Walls of Futility
MOSCOW – My Soviet school built a mesh fence around its yard. Every week, tardy kids who wanted to cut through the yard tore a hole in the fence. Every weekend, the administration fixed it. But the hole would reappear the morning after. This went on forever. I wish US President Donald Trump, the fence builder of the West, had gone to my school.
The Soviet Union was a country of fences, barriers, and walls. Everything was prohibited, locked, and guarded. Warning signs were phrased in no uncertain terms: “Do Not Enter: Death!” “Strangers Are Forbidden.” “The Border Is Closed.”
Barriers didn’t stop people from ignoring the warnings. But they complicated things. To steal bricks and cable from construction sites, citizens removed planks from wooden fences, or climbed over concrete ones, at the risk of being scratched by rusty nails or barbed wire, bitten by guard dogs, or even shot at with rock salt. Construction materials were in short supply, but people needed them, and not everyone could pay black-market prices. For intruders, fences were not such a big deal.
Collective farms were also fenced off, to prevent perpetually hungry citizens from stealing fruit, vegetables, and grains. In 1932, during the Ukrainian famine, Joseph Stalin, a fence builder par excellence, introduced the “Law of Three Spikelets,” which made taking a handful of grain from a kolkhoz a crime punishable by firing squad. He was not bothered that people were stealing because they had nothing to eat. Getting rid of the hungry was easier than getting rid of hunger.
Soviet hospitals were similarly walled off. Visiting a patient was a nightmare: doorkeepers were many, visiting hours were few, and entering intensive-care units or delivery rooms was simply prohibited because hospital staff believed all outsiders were walking swarms of bacteria. In the West, husbands hold their wives’ hands during delivery, seemingly unconcerned about bacteria, and, despite all the precautions, infection and mortality rates in the Soviet Union were strikingly higher.
Citizens themselves often built barriers, despite the futility of the effort. In the 1990s, Russians started installing metal doors in their apartments to protect themselves from break-ins, which, in the economic chaos of those years, became bolder and more frequent. The effect was marginal, because thieves began showing up with metal cutters.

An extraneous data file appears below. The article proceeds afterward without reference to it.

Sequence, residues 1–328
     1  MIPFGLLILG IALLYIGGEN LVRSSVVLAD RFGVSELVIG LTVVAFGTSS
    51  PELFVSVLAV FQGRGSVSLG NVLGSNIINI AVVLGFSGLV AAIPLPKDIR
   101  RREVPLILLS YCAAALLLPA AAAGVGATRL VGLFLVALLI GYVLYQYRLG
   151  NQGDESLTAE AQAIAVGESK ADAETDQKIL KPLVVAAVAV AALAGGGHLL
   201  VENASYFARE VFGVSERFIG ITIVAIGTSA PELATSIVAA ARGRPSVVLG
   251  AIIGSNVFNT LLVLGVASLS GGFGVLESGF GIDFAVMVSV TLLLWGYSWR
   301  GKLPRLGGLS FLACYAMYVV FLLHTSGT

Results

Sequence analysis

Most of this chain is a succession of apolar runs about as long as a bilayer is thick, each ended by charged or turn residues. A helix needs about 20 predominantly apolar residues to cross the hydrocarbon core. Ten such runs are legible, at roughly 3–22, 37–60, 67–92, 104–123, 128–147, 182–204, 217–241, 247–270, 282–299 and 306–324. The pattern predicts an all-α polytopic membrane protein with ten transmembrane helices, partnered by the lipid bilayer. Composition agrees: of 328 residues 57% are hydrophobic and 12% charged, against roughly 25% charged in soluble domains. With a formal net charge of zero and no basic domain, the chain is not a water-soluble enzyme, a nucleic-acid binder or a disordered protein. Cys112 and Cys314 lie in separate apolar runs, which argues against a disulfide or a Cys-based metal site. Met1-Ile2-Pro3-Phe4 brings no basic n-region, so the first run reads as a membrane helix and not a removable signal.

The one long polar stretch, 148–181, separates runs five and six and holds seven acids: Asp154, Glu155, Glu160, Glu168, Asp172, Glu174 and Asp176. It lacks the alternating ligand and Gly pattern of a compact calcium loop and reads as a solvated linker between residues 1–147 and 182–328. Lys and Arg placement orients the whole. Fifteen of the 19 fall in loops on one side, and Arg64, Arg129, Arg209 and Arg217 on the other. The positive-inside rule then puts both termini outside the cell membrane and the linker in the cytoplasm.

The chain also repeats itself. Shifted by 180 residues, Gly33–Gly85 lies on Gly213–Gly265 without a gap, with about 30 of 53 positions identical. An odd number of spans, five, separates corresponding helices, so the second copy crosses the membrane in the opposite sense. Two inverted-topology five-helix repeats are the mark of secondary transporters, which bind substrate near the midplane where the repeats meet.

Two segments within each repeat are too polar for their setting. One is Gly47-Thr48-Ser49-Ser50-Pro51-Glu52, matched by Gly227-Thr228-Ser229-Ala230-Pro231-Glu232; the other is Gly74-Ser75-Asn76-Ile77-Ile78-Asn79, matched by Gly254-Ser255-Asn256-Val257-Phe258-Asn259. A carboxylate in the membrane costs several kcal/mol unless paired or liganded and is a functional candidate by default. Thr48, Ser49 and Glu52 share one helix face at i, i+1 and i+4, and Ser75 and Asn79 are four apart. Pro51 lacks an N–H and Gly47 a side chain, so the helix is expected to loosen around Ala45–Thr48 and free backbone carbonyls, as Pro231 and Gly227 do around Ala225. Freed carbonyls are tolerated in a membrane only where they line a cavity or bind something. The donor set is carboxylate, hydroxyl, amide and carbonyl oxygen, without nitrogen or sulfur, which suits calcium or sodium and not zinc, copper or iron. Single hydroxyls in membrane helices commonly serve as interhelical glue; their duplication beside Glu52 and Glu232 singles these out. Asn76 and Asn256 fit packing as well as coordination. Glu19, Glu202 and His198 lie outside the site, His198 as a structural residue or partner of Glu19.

Summer camps for children were always fenced, featuring checkpoints, barred gates, and guards, and lookouts were posted at entrances to beaches and other areas prone to unauthorized access. Leaving a camp was strictly forbidden, and breaking out was even harder than breaking in. Kids still did it – some on a dare, some out of spite, and some simply because they wanted to bathe without holding hands, a regular safety practice. Every year, at least one escapee would drown, and another would get lost in surrounding woods or be apprehended going home on a train without a ticket. Personally, I liked the camp, despite the endless marching and shouting “Always ready!” But, like most of my fellow campers, I knew how to get out if I wanted.
The paragon of Soviet impregnability outside of the gulag was a meat-processing plant. Such places had it all: the fence, the sniffing dogs, the barbed wire, checkpoints, vigilantes, and sometimes militiamen. Still, people could not help wanting to eat meat, a rare commodity in the era of “advanced socialism.” Here, the trick was getting through the obstacle course with the meat concealed under your clothes: a challenging task, given raw meat’s tendency to drip.
Breaking out of the Soviet Union was, of course, the hardest task of all. Most people didn’t even try, the risks being what they were. But those who did went all out. They swam across frigid seas, hid themselves in car trunks, and even hijacked planes. In 1961, the Kirov Ballet star Rudolf Nureyev escaped his KGB bodyguards and simply soared over the border at Le Bourget airport in Paris, securing the most dangerous ovation of his life – and the chance to be what he wanted to be.
Others, not so successful, ended up shot, electrocuted, or imprisoned. And even those who didn’t break the law suffered all the same. In the Soviet dissident purgatory, a special place was reserved for refuseniks, people of Jewish descent whose petitions to emigrate had been refused. With a “refused” stamp in their passport, which was already burdened by the designation “Jew” in the mandatory “Nationality” field, they were social pariahs. Refuseniks were shunned by neighbors and friends. They were subject to KGB surveillance. And some were unable to get even menial jobs. Yet they couldn’t leave, because people who build walls and hang Iron Curtains, even when they package it all in talk of safety and protection, really just want to show you who’s boss.
In the end, no wall, fence, or curtain – iron or steel – can stop people from fighting for survival. But these barriers can turn a once-open country into a land of prisoners and guards, a giant fenced zone where everything is poisoned and slowly collapses on itself. That was the Soviet Union’s fate. If Trump gets his way, it could be America’s as well.
Anastasia Edel is the author of Putin’s Playground: Empire, Revolution, and the New Star.
Copyright: Project Syndicate, 2019.
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